Do you know that many people on the autism spectrum really struggle to carry out basic tasks when they feel or know they’re being watched? . We can be highly skilled at something, or have carried out the very same task thousands of times without difficulty, but the minute a person is paying attention, we feel that ‘pressure’ and our cognitive ability and executive functioning is greatly impaired. . This explains why many of us really struggle with exams and tests when they’re timed, or any task that has time limits attached to them. . It doesn’t matter how much we’re reassured, when the pressure is on, the pressure is on. . Pressure creates panic and when panic is active in the autistic brain, most of our rationale and ability to process thought leaves the building. . So much is said about sensory input, yet not enough is mentioned about our hypersensitivity to the energy of other human beings. . We are extremely ‘people’ sensitive. Even when others aren’t speaking to us or directly engaging with us, we can still sense their energy-stressed, happy, fearful, panicked, relaxed, sad, all of it. . But mostly, their presence. We are hyper aware of it. . For me personally, the presence of others (their energy) can be very loud and stop me from being able to concentrate on anything else and my entire focus becomes about them. . All my life, when I was in a comfortable situation with others I knew, I could not stop myself from talking, performing, acting silly. I would be moved away from others to allow them to learn or removed from the classroom completely. As a young adult, I was often spoken to by employers for talking to others far too much and stopping them from getting their work done. . In actual fact, what I was doing in all of that silliness, jumping around and chatting was REGULATING. . I was regulating the anxiety that comes with being around so many other energies (people). . In my teens and as a young child, I was very talkative. If you’ve read my posts, you’ll know they’re often very long-lots of thoughts, lots to say, always..(My analytical autistic brain). But whenever I was in the company of a new person I wasn’t familiar with, I would shut down completely. I had no defense against this and as much as I wanted to force my words out, sometimes they wouldn’t come at all OR they’d be extremely quiet. I would be asked repeatedly to speak up which made the situation much worse because the more that was asked of me, the more my body and my ability to communicate would retreat. . There was nothing I could do about it, it was incredibly frustrating and I felt very angry with myself. . It wasn’t until I was able to know the person, understand their intentions, motivations and energy that I would be able to engage with them freely as myself. . Autistics navigate their world largely through quiet observation: of people, places and things. . My ability to even look at others I didn’t know well; even in their direction, was completely thwarted. I would stare into space and pretend I was tired or disconnected. After a while, my vision would become black from staring so hard in order to avoid being present in a situation I wasn’t sure was safe for me to be myself and be accepted. . When spoken to by someone I did know in the group, I would have to pretend I didn’t hear because I knew that whilst a new person was in our midst that I wasn’t sure was a safe person, I still could not get my voice working and would have to find ways to remove myself from the situation. . It was painful. It was lonely. It instilled a belief in myself that there was something very wrong with me. . And yet all the while, I was popular, had many friends and was always considered more confident than others. . In fact, I am just very sensitive to the energy of other people, like many on the autism spectrum. . When we ‘mingle’, it is a juggling act of energies for us. We take on the energies and feelings of others as though they are our own and they do become our own internalised experience. . This is often referred to as being empathic. . Not all of us on the spectrum share this experience, but many of us do. . This can be absolutely exhausting and take days, sometimes weeks to recover from.. . Just after a simple gathering. . Sounds crazy right? . This doesn’t make others wrong or bad for who they are or what energy they bring, it’s just something that we struggle with as people on the spectrum that is not spoken about enough. . It’s important to try and remember this when our autistic children, partners and other family members or friends need recovery time-after school, after events, after work, after uni. . Our brains have a natural AUTISTIC innate wisdom-our brain KNOWS what we need to be able to manage and work through these challenges and we must be allowed to tap into that natural wisdom and intelligence. . Down time is crucial. Solid, alone time, engaging in whatever it is that brings us calm and joy, whatever regulates us again, brings us back to our state of equilibrium.. . Balance. . This might be gaming, reading, watching television, sleeping, engaging in any of our hobbies or passions. . These things have very important purposes for us. . They help us cope, survive and carry on. . They are often referred to as ‘special interests’ or obsessions as though they’re something that we can’t pry ourselves away from and are unhealthy. . In actual fact, when we stop comparing autistics to non autistics, we might learn that our passions and interests are normal. . Normal for us. . And actually, an imperative function created by nature specifically to assist the function and survival of the autistic brain. . Now, as an adult, I AM confident. I have a very healthy , rock solid sense of self. . This came with a diagnosis of autism, understanding myself and knowing my ‘normal’. . Our difficulties can become manageable with unconditional acceptance and love.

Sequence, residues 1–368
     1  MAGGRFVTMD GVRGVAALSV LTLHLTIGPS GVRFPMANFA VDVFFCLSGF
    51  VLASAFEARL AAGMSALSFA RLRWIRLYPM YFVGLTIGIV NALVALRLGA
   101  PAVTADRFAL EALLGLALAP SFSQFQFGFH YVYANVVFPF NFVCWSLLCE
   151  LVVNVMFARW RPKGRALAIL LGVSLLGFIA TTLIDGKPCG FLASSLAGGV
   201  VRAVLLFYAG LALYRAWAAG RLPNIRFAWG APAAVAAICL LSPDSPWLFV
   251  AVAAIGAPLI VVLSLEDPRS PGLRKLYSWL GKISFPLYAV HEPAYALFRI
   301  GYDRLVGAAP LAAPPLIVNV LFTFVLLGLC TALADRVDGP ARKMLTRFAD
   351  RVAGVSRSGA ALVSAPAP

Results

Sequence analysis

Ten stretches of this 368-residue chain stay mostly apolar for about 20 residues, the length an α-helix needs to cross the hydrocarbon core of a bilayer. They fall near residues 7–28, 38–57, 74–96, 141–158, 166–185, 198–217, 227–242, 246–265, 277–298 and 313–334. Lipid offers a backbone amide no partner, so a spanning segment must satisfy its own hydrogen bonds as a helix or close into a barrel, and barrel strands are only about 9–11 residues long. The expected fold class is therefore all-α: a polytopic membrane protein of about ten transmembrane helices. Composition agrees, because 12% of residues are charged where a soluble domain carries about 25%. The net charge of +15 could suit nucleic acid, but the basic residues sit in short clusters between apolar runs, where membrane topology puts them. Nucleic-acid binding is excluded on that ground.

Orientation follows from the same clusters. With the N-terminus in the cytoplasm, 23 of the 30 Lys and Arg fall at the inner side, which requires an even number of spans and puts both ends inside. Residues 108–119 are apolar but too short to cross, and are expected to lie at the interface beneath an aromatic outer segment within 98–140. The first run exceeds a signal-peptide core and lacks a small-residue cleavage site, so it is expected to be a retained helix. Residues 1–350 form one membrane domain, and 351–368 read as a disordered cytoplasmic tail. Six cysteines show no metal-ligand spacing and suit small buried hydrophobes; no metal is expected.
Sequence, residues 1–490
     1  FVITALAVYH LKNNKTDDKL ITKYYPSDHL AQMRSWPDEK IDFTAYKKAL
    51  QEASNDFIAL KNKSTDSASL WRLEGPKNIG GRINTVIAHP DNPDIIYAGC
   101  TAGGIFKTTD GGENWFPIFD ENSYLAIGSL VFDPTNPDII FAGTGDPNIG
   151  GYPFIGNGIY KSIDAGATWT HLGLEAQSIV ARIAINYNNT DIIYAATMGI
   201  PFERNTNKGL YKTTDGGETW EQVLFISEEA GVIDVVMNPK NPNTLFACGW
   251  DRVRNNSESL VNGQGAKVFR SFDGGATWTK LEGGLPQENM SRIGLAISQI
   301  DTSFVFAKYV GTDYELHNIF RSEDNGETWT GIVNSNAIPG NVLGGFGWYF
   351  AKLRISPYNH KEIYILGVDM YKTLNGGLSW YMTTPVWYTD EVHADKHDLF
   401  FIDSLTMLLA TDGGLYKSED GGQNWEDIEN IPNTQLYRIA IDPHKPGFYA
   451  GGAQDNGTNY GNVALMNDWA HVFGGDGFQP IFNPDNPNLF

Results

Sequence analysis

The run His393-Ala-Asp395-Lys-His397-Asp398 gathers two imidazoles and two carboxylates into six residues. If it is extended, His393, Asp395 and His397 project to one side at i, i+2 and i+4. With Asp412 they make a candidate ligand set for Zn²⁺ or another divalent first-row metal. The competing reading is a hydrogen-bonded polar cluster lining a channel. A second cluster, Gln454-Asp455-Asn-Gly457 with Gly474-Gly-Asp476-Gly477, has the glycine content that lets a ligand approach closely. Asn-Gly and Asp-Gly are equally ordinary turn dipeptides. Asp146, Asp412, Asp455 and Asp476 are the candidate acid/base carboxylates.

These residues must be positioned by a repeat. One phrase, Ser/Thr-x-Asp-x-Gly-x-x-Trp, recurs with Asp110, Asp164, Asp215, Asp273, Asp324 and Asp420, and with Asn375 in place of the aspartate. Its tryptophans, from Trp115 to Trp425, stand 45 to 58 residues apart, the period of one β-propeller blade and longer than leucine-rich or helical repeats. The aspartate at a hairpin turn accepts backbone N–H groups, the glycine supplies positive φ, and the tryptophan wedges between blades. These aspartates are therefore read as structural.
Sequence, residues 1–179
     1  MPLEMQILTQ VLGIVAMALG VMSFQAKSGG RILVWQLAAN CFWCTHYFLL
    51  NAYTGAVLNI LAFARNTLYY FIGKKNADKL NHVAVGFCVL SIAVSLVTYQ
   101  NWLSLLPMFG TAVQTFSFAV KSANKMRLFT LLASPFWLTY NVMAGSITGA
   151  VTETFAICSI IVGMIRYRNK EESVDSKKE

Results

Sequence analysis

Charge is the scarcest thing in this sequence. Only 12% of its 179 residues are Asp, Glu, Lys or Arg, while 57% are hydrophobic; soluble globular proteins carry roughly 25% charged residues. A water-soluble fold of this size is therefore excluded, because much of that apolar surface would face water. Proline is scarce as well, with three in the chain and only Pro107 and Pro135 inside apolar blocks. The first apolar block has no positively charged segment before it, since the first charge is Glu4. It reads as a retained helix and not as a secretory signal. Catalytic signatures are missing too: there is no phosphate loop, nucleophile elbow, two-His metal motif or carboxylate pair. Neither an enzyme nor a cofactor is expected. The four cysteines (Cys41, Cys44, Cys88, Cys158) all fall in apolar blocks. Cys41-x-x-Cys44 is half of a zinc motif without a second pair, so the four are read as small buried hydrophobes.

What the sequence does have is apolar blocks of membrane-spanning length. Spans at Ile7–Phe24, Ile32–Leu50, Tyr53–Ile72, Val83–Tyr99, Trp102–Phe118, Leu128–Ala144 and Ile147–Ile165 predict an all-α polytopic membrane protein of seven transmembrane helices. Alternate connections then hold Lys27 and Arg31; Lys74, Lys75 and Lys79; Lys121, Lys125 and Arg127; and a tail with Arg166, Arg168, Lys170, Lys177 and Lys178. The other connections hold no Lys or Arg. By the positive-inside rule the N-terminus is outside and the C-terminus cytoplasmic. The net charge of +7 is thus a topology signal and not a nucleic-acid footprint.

Image: Amy Judd.